Private medical school still on

Private medical school still on

The Royal College of Surgeons in Ireland (RCSI) said it was continuing to work with the government to establish a private medical school in Malta even tough it would not open as planned in September.

The aim of the school is to offer an international graduate entry programme in medicine.

Graduate entry programmes are increasing in popularity. They are typically four years long and open to students who already have either a sciences or humanities first degree, and lead to an undergraduate degree in medicine. They have the advantage of giving an opportunity and a different route for more mature students to become a doctor.

On September 26, 2007, the then Education Minister Louis Galea and Health Minister Louis Deguara had jointly announced that talks "were at an advanced stage" with the RCSI to establish a medical school in Malta to start offering the graduate entry programme in medicine as from this September. A memorandum of understanding was subsequently signed between the government and the RCSI on December 20 paving the way for detailed negotiations.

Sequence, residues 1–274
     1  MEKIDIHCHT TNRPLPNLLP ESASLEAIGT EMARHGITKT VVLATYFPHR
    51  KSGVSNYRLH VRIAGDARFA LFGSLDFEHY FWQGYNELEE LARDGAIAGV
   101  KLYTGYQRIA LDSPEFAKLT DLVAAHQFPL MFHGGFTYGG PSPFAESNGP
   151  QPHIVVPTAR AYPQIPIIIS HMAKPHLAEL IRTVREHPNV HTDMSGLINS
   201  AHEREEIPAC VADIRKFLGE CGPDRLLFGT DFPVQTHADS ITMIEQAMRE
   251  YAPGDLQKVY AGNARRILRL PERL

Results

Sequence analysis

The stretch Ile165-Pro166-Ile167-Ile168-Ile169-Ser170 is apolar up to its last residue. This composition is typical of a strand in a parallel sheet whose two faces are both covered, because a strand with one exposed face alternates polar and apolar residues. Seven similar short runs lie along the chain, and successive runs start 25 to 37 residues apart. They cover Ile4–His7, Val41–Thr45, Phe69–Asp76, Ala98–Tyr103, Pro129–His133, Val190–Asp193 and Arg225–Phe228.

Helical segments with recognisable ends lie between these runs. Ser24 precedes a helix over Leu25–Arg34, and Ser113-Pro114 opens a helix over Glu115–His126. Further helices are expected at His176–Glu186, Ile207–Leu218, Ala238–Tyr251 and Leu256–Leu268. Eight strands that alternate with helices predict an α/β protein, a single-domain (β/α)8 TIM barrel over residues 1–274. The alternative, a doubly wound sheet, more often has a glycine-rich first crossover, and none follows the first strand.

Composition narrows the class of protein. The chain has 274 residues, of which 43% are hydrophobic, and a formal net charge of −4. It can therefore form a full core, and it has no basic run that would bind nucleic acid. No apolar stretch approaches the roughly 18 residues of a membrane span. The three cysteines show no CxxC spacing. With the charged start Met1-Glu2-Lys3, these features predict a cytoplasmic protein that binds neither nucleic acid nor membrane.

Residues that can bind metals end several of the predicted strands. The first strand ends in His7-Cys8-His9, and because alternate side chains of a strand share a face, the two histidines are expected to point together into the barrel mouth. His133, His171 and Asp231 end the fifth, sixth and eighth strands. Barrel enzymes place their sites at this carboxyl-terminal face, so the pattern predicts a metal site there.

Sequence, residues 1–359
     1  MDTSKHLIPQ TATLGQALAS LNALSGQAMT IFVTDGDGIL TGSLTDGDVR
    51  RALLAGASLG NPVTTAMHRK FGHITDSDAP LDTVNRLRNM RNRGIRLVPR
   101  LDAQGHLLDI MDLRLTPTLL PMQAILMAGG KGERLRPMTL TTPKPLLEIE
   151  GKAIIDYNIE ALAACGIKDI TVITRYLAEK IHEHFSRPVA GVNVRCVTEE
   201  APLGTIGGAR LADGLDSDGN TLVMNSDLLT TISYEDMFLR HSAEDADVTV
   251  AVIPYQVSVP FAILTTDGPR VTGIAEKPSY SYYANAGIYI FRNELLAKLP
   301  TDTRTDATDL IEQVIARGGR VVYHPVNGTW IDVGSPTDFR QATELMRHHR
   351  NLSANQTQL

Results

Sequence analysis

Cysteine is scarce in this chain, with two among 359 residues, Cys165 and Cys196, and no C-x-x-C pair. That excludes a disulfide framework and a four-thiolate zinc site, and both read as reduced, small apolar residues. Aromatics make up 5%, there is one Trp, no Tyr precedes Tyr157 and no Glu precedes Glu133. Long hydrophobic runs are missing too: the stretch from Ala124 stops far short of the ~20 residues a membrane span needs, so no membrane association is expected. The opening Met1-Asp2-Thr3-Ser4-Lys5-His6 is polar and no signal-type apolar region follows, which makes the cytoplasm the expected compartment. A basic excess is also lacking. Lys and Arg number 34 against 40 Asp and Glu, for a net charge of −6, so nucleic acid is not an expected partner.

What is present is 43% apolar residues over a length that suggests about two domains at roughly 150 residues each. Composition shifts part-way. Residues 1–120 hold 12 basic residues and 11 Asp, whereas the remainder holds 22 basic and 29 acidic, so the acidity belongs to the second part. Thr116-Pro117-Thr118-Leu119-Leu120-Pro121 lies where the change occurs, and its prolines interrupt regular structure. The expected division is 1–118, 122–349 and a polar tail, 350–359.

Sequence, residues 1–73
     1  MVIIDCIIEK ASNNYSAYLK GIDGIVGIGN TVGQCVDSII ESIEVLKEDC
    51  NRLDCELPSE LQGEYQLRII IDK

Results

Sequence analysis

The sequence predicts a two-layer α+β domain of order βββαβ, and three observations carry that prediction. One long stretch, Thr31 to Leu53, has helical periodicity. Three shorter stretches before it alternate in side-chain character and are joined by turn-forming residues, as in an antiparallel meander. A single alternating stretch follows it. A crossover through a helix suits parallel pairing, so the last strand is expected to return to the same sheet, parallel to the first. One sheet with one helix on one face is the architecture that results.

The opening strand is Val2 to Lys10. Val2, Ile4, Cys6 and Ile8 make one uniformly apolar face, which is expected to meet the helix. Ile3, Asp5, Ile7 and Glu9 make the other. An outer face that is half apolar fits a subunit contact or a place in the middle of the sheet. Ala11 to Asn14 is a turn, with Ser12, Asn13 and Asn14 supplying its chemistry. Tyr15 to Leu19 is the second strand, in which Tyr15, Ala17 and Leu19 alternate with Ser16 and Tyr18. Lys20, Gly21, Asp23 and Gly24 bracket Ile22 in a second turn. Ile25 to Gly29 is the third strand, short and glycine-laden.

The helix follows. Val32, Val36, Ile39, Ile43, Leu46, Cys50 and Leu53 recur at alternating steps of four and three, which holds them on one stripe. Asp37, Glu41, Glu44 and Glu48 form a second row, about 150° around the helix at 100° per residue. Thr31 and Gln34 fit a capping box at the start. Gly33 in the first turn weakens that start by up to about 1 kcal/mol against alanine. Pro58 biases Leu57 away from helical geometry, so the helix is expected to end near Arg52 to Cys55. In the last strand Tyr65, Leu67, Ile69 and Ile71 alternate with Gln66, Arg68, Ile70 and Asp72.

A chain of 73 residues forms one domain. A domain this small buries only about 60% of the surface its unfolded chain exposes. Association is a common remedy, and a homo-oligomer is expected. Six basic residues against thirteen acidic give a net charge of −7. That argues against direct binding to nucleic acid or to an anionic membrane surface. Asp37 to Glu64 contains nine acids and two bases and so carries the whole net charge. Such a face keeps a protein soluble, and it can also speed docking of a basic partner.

RCSI associate director for academic affairs Fintan Foy confirmed that while the programme would not start as originally planned, "the RCSI is very pleased with progress to date and the support and co-operation that it has received from the government".

When asked which institutions were involved in the talks and what obstacles had hindered progress, he replied, "Last week I held high level discussions with (Social Policy) Minister Dalli and his officials. Additional meetings were also held with the National Commission on Higher Education (NCHE) and Malta Enterprise, all of whom have been extremely cordial, efficient and helpful."

He added that the college was also very pleased with the reception it had received from the medical profession. Besides establishing the graduate medical school, the RCSI "will be working with the minister and the relevant postgraduate bodies to assist in the development of postgraduate training structures, which would allow trainees to spend a period of time in Ireland as part of the overall programme."

Sources said the RCSI hopes to develop ties not only with the government but also full collaboration and consultation with the the University and the various local professional specialist associations and colleges that exist and that are responsibile for clinical postgraduate education.

However, contacts with the University appear to have hit a brick wall. When the University was asked about the discussions taking place with the RCSI it replied dryly:

"RCSI representatives paid a courtesy visit to the University in September 2007. To the best of our knowledge the RCSI is proposing to set up a private medical school, independent of and distinct from the University."

The University had announced on February 29 that it had signed a memorandum of understanding with St George's, University of London (SGUL), with a view to launching its own graduate entry medical programme as early as next January.